MR. WEEKS: So what we’re seeing, though, is just strong demand from our carrier customers, because they want to be the ones that connect folks. And they’re building out 5G and new tech, which needs a lot more fiberoptics than 4G. And then cloud computing also needs a lot more fiber.
So those are the big secular trends. But, I mean, we shouldn’t underestimate the power of positive leadership on things like infrastructure, solar also.
You know, you’re in the midst of passing a significant bill as we speak, hopefully. Right?
But if that goes through, you can expect that to trigger not just the direct government piece, but by providing that leadership, others will come in with much more serious money — right? — to be able to magnify it.
So it has — it’s hard to answer your question. It’s a great question, but it’s a very subtle effect.
THE PRESIDENT: Well, I think you’ve answered it, because one of the things the Secretary has — has talked about is that when the government is in on something that everyone acknowledges is useful and needed, like, you know, the fiberoptic changes, then everybody goes, ”Well, maybe…” —
(White House aide hands the President a note.)
You’re trying to tell me something, huh?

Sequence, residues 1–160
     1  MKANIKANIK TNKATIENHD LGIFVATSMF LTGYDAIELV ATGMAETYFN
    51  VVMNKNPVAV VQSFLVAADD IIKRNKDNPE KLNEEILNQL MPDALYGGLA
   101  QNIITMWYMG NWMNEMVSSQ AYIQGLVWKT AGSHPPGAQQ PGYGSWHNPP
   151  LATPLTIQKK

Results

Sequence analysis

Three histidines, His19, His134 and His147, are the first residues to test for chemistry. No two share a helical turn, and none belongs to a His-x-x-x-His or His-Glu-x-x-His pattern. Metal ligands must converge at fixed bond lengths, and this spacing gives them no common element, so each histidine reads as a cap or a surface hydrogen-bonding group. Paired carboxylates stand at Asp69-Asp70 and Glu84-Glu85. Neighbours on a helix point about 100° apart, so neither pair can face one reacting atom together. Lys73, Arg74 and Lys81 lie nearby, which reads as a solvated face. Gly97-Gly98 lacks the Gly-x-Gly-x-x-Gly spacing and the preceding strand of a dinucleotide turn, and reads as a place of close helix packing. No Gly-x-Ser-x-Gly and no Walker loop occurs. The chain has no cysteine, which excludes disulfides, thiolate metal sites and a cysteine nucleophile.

Oh, so far, we’ve got 217 “yes” votes for the CHIPS bill, and the House has passed it. (Applause.)
Sorry for the interruption.
But, Madam Secretary, talk a little bit about what private-sector attitudes change, if they do, if the United States — if the government is taking a risk and a chance on betting on by putting their dollars where their — their money where their mouth is, in terms of what needs to be done.
SECRETARY RAIMONDO: Yeah. First of all, congratulations. That is huge. I don’t want to —
THE PRESIDENT: We’ve been trying a long time. (Laughter.)
SECRETARY RAIMONDO: Yeah, we have been. And you — the President has been amazing in his leadership on this. So thank you. Thank you.
This is —
THE PRESIDENT: Well, I’m a lawyer. I don’t know anything about anything.
SECRETARY RAIMONDO: (Laughs.) You know how to lead. And that makes a difference.
This is a perfect example: semiconductors. I mean, the private sector has been waiting for a signal, and they want predictability. There’s nothing that unlocks private capital like predictability. So when the — right? I mean, when the government steps up and says, “We’re going to invest in infrastructure, solar, chips,” it provides predictability and investments. And I — it’ll — it will encourage, I think, a lot of private-sector capital to follow along.
Not to mention the fact that what we’re investing in — semiconductors, broadband, roads, bridges, solar — we need this. You know? We need this to compete, as we talk about. So I think it’s very significant.